Uttarakhand: Rajaji Tiger Reserve Range Officer Mahinder Giri bags International Ranger Award
Mahinder Giri, a range officer who has been deployed at Motichur rangeof Rajaji Tiger Reserve (RTR) for the past few years, has become the only ranger from Asia to win the prestigious International Ranger Award. The award has been announced for 10 professionals across the globe by the International Union for Conservation of Nature (IUCN) and World Commission on Protected Areas (WCPA), “based on their contribution towards conservation”.
According to Giri’s seniors, he won the award for his efforts in curbing human-wildlife conflict in and around Rajaji and his role in the ongoing tiger translocation exercise from Corbett Tiger Reserve (CTR) to RTR. A total of 113 nominations of 630 forest staffers from 43 different countries were submitted, and Giri emerged as the only winner from Asia. Other winners were from Latin America, Africa and Eastern Europe.
All the winners will receive a uniform patch and their employing organisations will receive US $10,000 (Rs 7,26,150) as prize money, which can be used to “support the winner and their team to conduct their work”. “This can include purchasing essential supplies or equipment, providing training, providing insurance, supporting the family of a deceased ranger, or other ranger welfare activities” said a communique released by World Wide Fund for Nature (WW).
The award was created in 2020 by IUCN and WCPA in collaboration with International Ranger Federation, Global Wildlife Conservation, and Conservation Allies.
A resident of Bahadarabad village, Haridwar, Giri became an employee of the forest department in his early twenties. In 1996, his father, Rameshwar Dayal Giri, a forest guard at Motichur range, was trampled to death by an elephant while on duty. The next year, Giri, a high school pass out, got the job on compensatory grounds. Now in his early 50s, around the same age that his father died, Giri said he is overjoyed to receive international recognition. “By conserving the forests, we are actually saving human lives, not just animals or trees. That’s why I have dedicated my life to the cause of conservation,” he said.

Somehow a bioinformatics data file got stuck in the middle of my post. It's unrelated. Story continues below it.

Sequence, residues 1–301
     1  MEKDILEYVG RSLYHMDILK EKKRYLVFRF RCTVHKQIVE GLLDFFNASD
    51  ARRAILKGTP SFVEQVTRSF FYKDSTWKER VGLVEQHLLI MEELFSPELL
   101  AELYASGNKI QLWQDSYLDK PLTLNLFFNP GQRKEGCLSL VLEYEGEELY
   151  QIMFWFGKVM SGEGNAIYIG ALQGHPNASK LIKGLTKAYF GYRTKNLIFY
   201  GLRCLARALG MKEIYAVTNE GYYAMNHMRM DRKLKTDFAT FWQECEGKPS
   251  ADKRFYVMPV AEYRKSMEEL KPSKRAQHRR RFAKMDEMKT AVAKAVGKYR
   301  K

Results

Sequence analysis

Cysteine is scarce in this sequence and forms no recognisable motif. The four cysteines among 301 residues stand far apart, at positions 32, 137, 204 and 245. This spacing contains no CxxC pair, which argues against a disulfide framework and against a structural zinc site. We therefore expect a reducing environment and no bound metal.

2017, Giri became the first person to single-handedly man the newly-formed tiger monitoring unit of western Rajaji. The unit now employs 23 workers who look after the seven ranges of western Rajaji – Kansro, Ramgarh, Dhaulkhand, Beriwada and Haridwar forest ranges.
JS Suhag, chief wildlife warden, Uttarakhand forest department, said that Giri was always keen on minimising human-wildlife conflict by educating the stakeholders. “He would go the extra mile to counsel villagers on anti-poaching measures, how to interpret pug marks etc. He would also conduct workshops for contractual workers,” Suhag said.
The tiger translocation exercise from CTR to RTR reached fruition after eight years’ efforts and Giri played a key role in the success, said Suhag. “Giri personally scans footage of 285 cameras placed across RTR on a regular basis. He monitors the movement of tigers and ensures their safety from anti-forest elements,” Suhag said.
For his efforts, Giri has in the past received multiple appreciation certificates and state-level recognitions as well, the chief wildlife warden said.
Prakash Javadekar congratulates Mahinder Giri for winning International Ranger Award
Minister for Environment, Forests and Climate Change Prakash Javadekar has congratulated Mahinder Giri, range officer of Rajaji Tiger Reserve for being the only ranger from Asia to win the prestigious International Ranger Award for his contribution towards conservation.
The award has been announced for 10 professionals across the world by the International Union for Conservation of Nature IUCN and World Commission on Protected Areas WCPA.
Developed through a collaboration between the IUCN WCPA, the International Ranger Federation, Global Wildlife Conservation, and Conservation Allies, these awards, created in 2020, aim to highlight and felicitate the extraordinary work that rangers do in protected and conserved areas worldwide.